Today is Earth Day, but it’s one of the most confused and misguided celebratory days of the year. The U.N. refers to this day as the “International Mother Earth Day,” but what is it we’re supposed to celebrate?
For almost 40 years, Earth Day was celebrated both during the northern vernal equinox on March 20 and on April 22. Every year, each day would vie for public subscription until the U.N. threw in the towel in 2009, declaring April 22 as the official International Mother Earth Day.
And what is it that we’re supposed to do? According to the resolution, countries are “to observe and raise awareness of International Mother Earth Day, as appropriate.” So if we deem that dressing up as pandas, doing yoga and composting in the name of Earth is appropriate – go for it!
Environmental activism is critical in a world undergoing so much change, but Earth Day should celebrate Earth and not become an international day of declarations for environmental promise keeping.
We all know the grim numbers: The World Wildlife Fund’s Living Planet Report estimates that there has been a decline by 40 percent in wildlife populations around the world since 1970; almost a third of global fisheries have collapsed since the 1960s; The Keeling Curve, which tracks atmospheric CO2 since 1958, shows we are heading towards catastrophic climate change and a group of experts say that out of nine safe operating boundaries for Earth, four of them are in the red zone.
It may be true that we are better off today than we were before the Industrial Revolution in the sense that we all finally have enough to eat (though problems with distribution still mean that over 800 million people go hungry), but the environmental costs have been staggering. Given the relentlessly depressing message of environmentalism, finding ways to make environmental action fun is important, so a globally coordinated network of environmental action is terrific and April 22 is as good a day as any to do that.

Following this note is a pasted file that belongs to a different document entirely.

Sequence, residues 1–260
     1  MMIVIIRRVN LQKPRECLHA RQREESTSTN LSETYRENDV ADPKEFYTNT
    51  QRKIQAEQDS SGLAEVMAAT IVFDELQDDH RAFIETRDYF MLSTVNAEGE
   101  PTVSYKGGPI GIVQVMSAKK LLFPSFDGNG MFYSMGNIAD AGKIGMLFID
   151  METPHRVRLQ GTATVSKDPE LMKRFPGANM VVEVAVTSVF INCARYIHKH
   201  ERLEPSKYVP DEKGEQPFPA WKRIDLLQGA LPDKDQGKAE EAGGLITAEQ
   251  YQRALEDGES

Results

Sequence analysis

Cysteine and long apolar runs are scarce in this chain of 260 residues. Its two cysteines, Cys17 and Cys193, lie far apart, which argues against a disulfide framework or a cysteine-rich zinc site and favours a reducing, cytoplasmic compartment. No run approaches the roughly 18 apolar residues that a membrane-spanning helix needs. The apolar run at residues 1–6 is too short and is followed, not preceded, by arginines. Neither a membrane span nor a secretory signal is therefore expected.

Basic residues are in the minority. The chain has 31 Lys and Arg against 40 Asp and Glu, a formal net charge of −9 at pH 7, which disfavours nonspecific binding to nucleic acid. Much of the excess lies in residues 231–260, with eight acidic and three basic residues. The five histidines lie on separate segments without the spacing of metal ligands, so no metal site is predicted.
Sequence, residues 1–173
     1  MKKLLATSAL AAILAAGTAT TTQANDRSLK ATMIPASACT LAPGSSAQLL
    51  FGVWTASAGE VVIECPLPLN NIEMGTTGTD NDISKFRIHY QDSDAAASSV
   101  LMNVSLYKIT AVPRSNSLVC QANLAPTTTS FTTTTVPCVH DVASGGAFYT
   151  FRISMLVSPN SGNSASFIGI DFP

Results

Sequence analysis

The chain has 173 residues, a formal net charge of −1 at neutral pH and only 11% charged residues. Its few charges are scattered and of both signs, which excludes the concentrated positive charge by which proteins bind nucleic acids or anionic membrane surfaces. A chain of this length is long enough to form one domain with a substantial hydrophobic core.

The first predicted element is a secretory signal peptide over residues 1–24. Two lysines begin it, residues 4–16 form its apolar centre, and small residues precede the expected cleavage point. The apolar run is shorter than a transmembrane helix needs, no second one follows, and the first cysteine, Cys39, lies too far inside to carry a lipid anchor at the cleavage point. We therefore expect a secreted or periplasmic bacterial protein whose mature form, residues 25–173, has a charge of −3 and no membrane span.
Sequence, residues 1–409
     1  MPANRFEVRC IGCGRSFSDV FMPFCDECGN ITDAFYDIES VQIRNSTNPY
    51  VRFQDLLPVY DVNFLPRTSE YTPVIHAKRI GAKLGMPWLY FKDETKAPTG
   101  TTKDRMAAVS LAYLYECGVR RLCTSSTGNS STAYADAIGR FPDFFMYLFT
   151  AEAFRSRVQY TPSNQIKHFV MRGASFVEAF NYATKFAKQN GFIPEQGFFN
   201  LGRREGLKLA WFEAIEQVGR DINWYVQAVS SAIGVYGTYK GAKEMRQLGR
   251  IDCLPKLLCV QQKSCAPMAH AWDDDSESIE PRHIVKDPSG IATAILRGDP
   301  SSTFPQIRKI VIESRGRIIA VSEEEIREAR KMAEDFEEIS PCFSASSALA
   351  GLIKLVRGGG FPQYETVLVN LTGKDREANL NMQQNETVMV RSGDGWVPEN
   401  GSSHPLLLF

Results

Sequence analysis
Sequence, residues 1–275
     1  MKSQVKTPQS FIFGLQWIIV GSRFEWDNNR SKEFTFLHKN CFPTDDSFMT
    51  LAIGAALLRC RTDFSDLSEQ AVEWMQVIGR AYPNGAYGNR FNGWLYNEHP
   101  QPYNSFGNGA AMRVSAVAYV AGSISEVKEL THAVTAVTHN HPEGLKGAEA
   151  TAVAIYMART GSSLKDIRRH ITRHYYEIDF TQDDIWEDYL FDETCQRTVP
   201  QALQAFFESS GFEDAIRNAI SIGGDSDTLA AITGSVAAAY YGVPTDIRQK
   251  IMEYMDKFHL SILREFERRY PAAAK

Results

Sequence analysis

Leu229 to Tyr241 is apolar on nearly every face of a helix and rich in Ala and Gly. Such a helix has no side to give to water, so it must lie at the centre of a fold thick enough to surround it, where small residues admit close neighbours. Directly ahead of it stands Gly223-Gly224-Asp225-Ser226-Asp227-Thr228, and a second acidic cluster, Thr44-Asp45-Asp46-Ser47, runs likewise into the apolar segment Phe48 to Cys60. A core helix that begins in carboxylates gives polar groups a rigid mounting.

We should celebrate Earth as a unique, special planet that has been home to life for billions of years and that has brought us an astonishing diversity of species, from whales to wallabies, from flying foxes to flying fish, from photosynthetic bacteria to mushroom-bearing fungi. Earth has been the home to roughly nine million species who are our kith and kin.
Birthday cards and testimonials at teach-ins should speak to why Earth is so special. And as for presents: just as many of us like presents meant to make life easier, like power tools or a bigger television, presents for Earth should be parcels of land powered by a rich and robust diversity of plants, animals and microorganisms that build soils, stabilize the atmosphere and cleanse waterways
To show how much we love her, humans must support one million new and international students of botany, zoology, microbiology, ecology and evolution, who will learn all about life on Earth and how to care for it. Like a certificate to a spa, spoil Earth by taking part in starting 10,000 restoration projects around the world to revitalize her aching systems.
Earth’s Birthday shouldn’t be a global “spring cleaning day;” consistent of a network of eclectic, minor cleanup, tree planting, recycling activities that make our lives better.
It should be about joyous celebrations of Earth, with commitments to building new schools, museums, observatories and other institutions that will uncover, cherish and preserve everything there is to know about Earth. These are the gifts that people can give to celebrate Earth, not ourselves.
This article is courtesy of the associated press. The opinions expressed are that of the writer.